Book cover for a Brief History of Candle making. banner reads: Berg's Book Club. Berg sits next to the candleAuthor

Brief History Candle Making P. Wonning|Berg’s Book Club

Picture of A Brief History of Candle Making book cover by paul wonning. Candle is in the centre.

Book Title:  A Brief History of Candle Making
Author:  Paul R. Wonning
Genre: Non-Fiction
Published:  June 2014
Star Rating: ★★★


Introduction

Hello and welcome to Berg’s Book Club. Today’s book is an unusual one. It is a non-fiction book on candle making. A Brief History of Candle Making by Paul R. Wonning.

Brief History Candle Making
Book Review

Ok, this is a hard book to review because it’s very short. I mean, it ends on the kindle location, 291. I don’t know what that converts to page-wise but as the average seems to be a few thousand kindle locations for a 300page book, it takes a few minutes to read. So roughly 10 pages?

I tell you why I read this book, I’m writing a screenplay set in the industrial revolution, the protagonist’s dad, Kenneth, is a chandler and I wanted to make sure the imagery was correct on screen.

Was it helpful? A little.

I did manage to write a beautiful scene between the father and the son using this book and cross-referencing with others. Kenneth teaches Benjamin how to create candles. However, Benjamin is a bit of a cluts and manages to mess it up. So it was useful for that scene.

It was also useful in setting up the shop details. There’s specific types of wax that would or would not be used during that time. The most commonly used one would be sperm whale wax, so it was useful for me to add that to the script too.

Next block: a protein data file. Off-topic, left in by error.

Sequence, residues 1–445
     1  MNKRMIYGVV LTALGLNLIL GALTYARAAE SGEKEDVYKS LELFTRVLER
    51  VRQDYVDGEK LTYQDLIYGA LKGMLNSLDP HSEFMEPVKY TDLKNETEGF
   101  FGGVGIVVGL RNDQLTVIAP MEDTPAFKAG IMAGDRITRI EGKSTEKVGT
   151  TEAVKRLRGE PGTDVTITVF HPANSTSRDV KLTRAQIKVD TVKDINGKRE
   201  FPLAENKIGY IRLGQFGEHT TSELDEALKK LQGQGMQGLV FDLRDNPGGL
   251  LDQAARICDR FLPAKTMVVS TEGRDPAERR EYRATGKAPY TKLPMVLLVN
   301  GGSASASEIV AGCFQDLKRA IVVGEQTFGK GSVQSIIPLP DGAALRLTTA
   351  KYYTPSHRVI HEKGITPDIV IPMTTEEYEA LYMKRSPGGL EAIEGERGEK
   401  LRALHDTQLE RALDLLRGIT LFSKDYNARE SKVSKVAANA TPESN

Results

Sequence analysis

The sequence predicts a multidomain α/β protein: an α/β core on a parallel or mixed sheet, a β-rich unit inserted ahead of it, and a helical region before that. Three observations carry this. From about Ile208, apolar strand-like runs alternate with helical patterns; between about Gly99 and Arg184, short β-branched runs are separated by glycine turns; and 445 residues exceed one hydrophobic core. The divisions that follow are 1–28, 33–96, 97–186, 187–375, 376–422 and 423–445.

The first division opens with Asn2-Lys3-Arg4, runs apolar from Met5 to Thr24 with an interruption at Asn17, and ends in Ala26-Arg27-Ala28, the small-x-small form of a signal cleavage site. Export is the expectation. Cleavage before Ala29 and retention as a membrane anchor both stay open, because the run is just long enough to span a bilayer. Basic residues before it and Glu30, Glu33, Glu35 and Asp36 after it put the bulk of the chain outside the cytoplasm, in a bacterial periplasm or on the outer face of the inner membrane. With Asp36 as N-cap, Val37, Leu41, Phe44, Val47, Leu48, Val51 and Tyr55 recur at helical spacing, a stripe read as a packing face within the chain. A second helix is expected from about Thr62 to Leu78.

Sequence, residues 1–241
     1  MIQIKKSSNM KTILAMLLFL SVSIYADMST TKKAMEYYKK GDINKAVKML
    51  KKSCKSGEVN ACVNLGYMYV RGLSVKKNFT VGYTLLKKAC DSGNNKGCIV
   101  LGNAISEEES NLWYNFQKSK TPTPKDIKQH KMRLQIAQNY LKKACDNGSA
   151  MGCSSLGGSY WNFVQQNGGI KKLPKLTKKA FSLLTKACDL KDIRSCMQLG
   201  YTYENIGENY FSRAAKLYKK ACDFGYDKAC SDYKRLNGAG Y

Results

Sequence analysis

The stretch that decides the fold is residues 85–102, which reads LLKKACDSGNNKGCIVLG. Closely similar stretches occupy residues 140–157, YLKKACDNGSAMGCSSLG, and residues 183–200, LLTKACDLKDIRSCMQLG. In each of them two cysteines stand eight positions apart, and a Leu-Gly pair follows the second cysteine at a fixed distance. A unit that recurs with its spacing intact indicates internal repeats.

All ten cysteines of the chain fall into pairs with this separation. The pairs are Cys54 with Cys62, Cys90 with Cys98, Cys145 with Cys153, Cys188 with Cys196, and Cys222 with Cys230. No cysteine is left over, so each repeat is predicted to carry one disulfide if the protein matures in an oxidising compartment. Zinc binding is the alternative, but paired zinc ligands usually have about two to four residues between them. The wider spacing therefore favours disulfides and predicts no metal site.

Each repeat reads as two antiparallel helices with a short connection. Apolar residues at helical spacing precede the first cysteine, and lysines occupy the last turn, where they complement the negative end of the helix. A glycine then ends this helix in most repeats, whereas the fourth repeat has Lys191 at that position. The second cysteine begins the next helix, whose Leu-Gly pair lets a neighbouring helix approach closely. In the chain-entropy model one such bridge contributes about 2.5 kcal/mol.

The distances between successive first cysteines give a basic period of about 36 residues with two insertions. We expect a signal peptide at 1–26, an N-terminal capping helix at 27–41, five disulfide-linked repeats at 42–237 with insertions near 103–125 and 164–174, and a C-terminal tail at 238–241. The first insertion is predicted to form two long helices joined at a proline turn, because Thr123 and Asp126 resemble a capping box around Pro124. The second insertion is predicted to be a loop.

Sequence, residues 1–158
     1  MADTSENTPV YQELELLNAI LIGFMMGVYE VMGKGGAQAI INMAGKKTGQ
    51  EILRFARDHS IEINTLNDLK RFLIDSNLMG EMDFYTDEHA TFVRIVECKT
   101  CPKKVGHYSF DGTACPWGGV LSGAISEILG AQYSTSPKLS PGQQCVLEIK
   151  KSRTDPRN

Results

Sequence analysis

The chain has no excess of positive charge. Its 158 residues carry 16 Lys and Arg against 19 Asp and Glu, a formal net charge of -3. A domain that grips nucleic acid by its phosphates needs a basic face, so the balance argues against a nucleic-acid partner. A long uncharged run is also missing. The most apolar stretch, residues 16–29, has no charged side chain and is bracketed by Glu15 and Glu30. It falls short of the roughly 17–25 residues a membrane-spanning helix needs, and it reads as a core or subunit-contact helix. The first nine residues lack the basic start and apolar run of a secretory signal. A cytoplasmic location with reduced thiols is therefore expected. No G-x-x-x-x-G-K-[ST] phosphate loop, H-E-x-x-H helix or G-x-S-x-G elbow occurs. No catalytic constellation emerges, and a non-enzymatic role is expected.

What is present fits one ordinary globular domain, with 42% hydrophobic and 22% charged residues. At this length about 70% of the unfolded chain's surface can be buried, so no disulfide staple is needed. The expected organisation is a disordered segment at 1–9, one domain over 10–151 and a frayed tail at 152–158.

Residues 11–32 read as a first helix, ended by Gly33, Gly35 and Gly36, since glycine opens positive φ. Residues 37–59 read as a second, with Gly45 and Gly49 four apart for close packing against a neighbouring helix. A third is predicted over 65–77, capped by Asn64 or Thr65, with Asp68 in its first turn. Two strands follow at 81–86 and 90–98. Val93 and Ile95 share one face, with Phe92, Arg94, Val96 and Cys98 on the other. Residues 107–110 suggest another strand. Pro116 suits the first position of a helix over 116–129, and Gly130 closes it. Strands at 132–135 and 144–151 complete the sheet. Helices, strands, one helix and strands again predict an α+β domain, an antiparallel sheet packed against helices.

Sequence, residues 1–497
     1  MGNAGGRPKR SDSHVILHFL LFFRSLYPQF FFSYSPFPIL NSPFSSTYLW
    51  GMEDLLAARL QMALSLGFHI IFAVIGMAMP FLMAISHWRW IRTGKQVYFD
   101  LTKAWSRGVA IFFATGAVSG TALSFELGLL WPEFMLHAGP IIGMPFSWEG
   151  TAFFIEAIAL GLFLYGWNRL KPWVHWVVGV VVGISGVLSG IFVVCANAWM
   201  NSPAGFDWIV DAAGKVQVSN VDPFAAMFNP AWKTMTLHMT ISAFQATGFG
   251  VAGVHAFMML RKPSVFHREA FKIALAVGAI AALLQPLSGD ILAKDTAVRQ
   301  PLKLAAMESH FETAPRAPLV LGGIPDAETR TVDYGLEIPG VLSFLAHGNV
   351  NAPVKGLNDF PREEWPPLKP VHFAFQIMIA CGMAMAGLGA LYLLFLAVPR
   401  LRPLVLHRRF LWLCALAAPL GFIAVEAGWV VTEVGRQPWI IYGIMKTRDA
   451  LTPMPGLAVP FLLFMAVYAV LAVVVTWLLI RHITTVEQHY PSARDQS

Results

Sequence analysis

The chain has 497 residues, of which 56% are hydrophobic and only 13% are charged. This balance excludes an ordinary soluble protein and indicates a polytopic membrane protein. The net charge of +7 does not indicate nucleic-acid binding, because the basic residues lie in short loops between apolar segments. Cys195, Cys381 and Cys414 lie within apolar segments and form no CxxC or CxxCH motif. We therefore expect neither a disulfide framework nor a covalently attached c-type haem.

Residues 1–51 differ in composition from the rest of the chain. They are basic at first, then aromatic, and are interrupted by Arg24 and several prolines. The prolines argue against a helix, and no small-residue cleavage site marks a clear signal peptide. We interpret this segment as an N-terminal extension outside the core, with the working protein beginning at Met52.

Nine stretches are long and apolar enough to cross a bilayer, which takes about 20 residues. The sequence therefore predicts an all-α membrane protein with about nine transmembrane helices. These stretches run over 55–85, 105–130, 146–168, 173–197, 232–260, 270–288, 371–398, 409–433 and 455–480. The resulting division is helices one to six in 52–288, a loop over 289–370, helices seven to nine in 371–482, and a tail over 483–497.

I also learned that the 1800s candles didn’t have an odour because they discarded tallow. I wasn’t expecting that!

There was a paragraph or two on each candle, where it came from, when it was used and how it improved lightning, so it has helped me identify in my screenplay that the candles need to look like they’re made from sperm whales.

But I was expecting a bit more. I want to know how they processed the wax, the details of how they handmade candles. Just so I could visualise making a candle and then transfer that vision to my screenplay.

Overall thoughts

I’m going to give three stars to this book. It’s not a bad book, because it does what it says on the tin. It gives a brief history of candle making. I think it’s just perhaps a little too brief.

There are some interesting facts on there though. There’s a machine that was invented to create mass production of candles in the late 19th century. Not useful for my story, but interesting nonetheless.

I think it did help me with my imagery in my script, at least in the first few scenes anyway. However, I would say that it’s worth the £1.99 only if you want a book on the basics of candle making.

About the Film

As part of my dissertation, I am writing a script. It’s about a young boy born into an upper-class family who loses everything when the candle business is ruined by the industrial revolution. His father is thrown into debt prison, leaving him to look after his newly born baby brother.

So here’s something for you guys. What do you think of the draft premise for this film? Does it make you want to watch it?

Here’s the premise:

At the peak of the industrial revolution a boy faces challenges as his home and baby brother are put at risk.

Please let me know in comments, you don’t have to be a WordPress user to comment. Also, does anyone have any good books about the chandlery business that you’d recommend?

Before you go

I hope you enjoyed this post. If you have, why not read some other book reviews. There are plenty on here: Save the Cat by Blake Snyder and The Colour of Magic by Terry Prattchet just to name a few. And please do follow me on here, Facebook or Twitter.

And don’t forget to comment!

~Shannon~

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